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When we apply a magnetic field on a moving charge, under Lorentz force, the charge changes its trajectory and moves in a circle. However, as the charge circles around, it creates around itself a magnetic field (Biot-Savart law). As a result, these two fields add up vectorially according to superposition. My question is: is my description above correct? Would the motion be rather complicated then?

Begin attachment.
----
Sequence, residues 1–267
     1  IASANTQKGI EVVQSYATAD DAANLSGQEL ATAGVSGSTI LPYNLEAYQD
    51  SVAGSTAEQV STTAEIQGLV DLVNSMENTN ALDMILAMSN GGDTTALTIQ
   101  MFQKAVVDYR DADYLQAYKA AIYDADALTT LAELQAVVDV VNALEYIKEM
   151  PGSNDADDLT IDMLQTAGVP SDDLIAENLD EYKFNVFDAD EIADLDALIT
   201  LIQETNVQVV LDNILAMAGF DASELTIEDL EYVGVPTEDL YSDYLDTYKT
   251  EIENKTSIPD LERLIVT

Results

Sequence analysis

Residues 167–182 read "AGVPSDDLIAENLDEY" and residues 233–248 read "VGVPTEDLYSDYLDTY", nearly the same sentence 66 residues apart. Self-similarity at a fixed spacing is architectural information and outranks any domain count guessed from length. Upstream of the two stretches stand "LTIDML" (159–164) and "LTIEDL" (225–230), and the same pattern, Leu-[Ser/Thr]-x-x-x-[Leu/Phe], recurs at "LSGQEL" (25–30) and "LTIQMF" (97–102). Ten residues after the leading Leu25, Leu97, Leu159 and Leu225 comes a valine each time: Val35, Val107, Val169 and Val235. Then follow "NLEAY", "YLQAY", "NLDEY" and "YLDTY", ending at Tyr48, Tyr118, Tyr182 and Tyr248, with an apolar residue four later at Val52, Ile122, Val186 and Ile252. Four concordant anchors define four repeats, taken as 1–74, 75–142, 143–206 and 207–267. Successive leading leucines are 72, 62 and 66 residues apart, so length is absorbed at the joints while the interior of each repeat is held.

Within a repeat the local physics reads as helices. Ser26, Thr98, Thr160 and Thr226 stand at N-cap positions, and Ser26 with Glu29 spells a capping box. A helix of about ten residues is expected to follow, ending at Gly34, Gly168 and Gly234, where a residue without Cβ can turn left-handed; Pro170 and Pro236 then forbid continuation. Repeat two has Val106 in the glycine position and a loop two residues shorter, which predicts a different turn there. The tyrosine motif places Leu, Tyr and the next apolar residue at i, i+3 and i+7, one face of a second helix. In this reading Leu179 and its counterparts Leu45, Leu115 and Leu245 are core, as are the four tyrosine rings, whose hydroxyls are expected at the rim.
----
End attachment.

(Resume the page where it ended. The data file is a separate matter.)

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Yes your arguments are valid, but in the standard treatment of problems in classical electrodynamics we neglect the size of the magnetic field induced by the moving charge in comparison to the external field. This is why literature sometimes calls these charges 'test charges', because they only test the external field, while not being field inducing themselves. Of course, if you have a significant amount of charges in an external field, you will have to consider this effect of field induction (see i.e. plasma physics). It is a matter of perturbation theory, to get the best approximation that fits your needs (or the precision of your experiment).

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